Japan to accept help from France at Fukushima Daiichi

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Fukushima Daiichi September 25th 2013

After the Fukushima Daiichi nuclear disaster Japan thought TEPCO would be able to manage the problem, but earlier this year the government was forced to step in and play a bigger role.  Now, two and a half years after the onset of the March 11th nuclear disaster, Japan has officially finally accepted international help with the crippled Fukushima Daiichi nuclear power plant from France, who will help decommission and dismantle the crippled reactors.  The move signals how little progress has been made by the Japanese on their forty-plus year decommissioning project, and also casts doubt on Prime Minister Shinzo Abe’s statement to the Olympic committee that the crisis at Fukushima Daiichi is under control.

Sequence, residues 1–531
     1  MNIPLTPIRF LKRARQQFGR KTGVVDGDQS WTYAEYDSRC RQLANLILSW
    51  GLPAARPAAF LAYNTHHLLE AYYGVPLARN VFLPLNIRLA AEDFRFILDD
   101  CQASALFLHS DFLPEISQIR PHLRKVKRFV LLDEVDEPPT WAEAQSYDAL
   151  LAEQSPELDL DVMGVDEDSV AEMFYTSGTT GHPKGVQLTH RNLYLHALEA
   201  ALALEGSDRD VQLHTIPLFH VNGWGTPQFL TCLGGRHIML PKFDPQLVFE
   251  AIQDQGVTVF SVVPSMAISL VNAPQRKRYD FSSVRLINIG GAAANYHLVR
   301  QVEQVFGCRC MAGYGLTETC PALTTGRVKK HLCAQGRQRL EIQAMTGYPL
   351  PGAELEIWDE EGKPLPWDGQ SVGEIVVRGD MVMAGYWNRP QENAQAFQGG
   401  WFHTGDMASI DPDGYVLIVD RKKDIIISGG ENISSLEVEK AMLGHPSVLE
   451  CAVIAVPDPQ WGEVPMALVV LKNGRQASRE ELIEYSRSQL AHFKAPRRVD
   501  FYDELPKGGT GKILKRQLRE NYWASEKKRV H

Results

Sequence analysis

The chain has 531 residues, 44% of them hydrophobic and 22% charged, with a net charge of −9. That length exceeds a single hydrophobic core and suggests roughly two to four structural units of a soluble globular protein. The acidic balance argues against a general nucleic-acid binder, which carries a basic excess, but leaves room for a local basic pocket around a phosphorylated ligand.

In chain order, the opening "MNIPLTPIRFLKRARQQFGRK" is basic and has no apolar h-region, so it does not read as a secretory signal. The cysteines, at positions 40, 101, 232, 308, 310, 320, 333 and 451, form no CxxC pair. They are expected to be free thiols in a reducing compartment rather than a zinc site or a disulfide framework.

Ever since the 1986 Chernobyl nuclear disaster, Russia has known that there is not such a thing as a national nuclear accident, they are all international disasters.  The Russians offered to help Japan two years ago, but are still waiting to be taken up on that offer.  They offered Japan highly absorbent materials which would help handle contaminated water.  The Russians have always said that pumping water into the crippled reactors would create more problems than solutions.

Source: MarketWatch

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